With great sadness we would like to inform the international neuroscience community that on August 24, 2012, one of the most distinguished and renowned neuroscientists, Jan Bureš, left us forever at the age of 86 years.
The name of Jan Bureš is connected with important studies of the mechanisms underlying learning and memory. Along with his wife Olga, he established in Prague already in the 1950s a neuroscience school that attracted the attention of many young as well as more senior neuroscientists. During the fifty year history of the Bureš laboratory, more than one hundred PhD students, postdocs, and neuroscientists passed through, coming from 27 countries around the world. Most of their names can be recognized among the authors of the hundreds of Bureš publications, which concern the mechanisms of spreading depression, single unit as well as behavioral studies of learning and memory function, and in his later years particularly studies of the mechanisms underlying spatial memory. Dr. Bureš always devoted a large part of his activity to the development of new electrophysiological and behavioral methods. Together with his wife Olga and other colleagues, he published three noteworthy monographs, one of which in particular, his 1967 book focusing on electrophysiological methods in biological research, was translated into several foreign languages and widely used by neuroscientists throughout the world.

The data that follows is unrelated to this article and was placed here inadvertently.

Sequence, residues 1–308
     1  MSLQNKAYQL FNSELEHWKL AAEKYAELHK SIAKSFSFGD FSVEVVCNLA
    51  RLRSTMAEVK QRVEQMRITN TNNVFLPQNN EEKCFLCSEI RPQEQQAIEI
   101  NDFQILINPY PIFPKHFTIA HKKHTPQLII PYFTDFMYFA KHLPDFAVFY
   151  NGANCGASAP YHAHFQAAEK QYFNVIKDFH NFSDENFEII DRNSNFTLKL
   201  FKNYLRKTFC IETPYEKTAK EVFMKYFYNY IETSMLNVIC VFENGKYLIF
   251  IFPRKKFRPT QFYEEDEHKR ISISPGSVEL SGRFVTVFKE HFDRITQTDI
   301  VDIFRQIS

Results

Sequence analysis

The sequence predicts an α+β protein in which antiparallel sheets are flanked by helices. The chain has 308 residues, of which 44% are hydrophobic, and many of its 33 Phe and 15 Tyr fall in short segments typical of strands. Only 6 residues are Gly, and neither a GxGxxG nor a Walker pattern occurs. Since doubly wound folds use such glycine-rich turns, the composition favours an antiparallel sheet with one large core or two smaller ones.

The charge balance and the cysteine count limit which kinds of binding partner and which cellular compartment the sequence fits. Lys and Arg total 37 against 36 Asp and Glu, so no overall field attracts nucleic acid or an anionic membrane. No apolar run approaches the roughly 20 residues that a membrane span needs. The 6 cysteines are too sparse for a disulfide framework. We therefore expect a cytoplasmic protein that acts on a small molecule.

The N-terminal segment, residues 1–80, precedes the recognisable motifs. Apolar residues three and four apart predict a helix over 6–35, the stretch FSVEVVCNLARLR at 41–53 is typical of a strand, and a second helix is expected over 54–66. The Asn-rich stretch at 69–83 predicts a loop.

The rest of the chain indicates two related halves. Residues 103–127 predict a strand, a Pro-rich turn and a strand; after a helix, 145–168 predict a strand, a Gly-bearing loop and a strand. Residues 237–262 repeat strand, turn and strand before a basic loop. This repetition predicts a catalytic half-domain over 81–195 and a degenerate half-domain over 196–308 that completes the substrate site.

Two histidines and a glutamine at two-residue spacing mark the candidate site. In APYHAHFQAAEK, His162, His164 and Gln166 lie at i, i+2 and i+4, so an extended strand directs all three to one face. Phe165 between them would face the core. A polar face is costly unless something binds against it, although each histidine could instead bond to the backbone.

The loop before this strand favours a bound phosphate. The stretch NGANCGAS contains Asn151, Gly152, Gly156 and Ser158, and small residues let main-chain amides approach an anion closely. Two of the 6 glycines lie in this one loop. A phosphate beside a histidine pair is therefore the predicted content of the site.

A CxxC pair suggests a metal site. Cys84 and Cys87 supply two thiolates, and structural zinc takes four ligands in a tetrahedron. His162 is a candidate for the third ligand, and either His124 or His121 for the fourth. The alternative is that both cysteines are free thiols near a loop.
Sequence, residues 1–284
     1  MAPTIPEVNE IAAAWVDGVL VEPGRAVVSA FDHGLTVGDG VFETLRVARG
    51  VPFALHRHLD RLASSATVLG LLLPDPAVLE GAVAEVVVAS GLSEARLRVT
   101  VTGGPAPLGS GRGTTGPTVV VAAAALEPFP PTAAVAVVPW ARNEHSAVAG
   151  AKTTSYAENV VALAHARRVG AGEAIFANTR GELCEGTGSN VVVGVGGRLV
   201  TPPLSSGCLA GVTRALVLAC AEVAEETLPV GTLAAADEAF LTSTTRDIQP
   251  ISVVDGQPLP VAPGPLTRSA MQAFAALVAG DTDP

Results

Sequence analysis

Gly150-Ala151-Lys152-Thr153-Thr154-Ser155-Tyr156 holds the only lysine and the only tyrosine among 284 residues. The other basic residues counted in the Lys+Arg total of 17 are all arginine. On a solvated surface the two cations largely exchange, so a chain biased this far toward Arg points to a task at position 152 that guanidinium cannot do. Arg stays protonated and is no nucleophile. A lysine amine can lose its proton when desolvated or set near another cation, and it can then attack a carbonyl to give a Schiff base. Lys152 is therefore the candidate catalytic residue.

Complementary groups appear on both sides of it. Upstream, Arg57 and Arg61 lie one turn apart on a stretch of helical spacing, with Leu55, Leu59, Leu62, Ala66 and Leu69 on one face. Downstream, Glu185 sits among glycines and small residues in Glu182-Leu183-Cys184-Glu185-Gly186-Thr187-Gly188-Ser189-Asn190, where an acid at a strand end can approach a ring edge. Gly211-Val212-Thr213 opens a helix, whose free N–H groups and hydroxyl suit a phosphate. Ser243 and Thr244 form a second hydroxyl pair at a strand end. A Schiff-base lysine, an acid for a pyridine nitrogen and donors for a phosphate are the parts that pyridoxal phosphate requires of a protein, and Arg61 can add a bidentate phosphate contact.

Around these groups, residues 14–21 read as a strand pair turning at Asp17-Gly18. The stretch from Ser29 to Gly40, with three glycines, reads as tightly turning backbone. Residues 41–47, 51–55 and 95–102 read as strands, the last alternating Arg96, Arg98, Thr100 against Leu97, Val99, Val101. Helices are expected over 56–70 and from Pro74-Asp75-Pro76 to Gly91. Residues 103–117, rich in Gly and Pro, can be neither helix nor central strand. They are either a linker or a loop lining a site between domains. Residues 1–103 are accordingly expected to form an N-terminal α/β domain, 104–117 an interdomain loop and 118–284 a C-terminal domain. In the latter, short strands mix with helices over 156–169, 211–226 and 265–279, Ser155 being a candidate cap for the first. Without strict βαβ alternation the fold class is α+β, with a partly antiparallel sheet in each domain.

Jan Bureš was one of the founders of the International Brain Research Organization and remained a strong supporter of the organization throughout his life. During the 6th IBRO World Congress of Neuroscience in Prague in 2003, he served as the Honorary President of the Congress. Jan received many important awards and honors during his life, among them the most distinguished was his election to the National Academy of Sciences of the USA in 1995 as the only Czech scientist so honored.
With the passing of Jan Bureš, the Czech as well as the world neuroscience community is losing a great personality as well as a great guide in the difficult task of understanding the complexity of brain function. His name will forever be included among the list of those who made major contributions to the discovery of the brain’s secrets, particularly as regards the mechanisms of learning and memory, and he will be greatly missed by his many friends and colleagues around the world.
President, Czech Neuroscience Society Prague,
August 30, 2012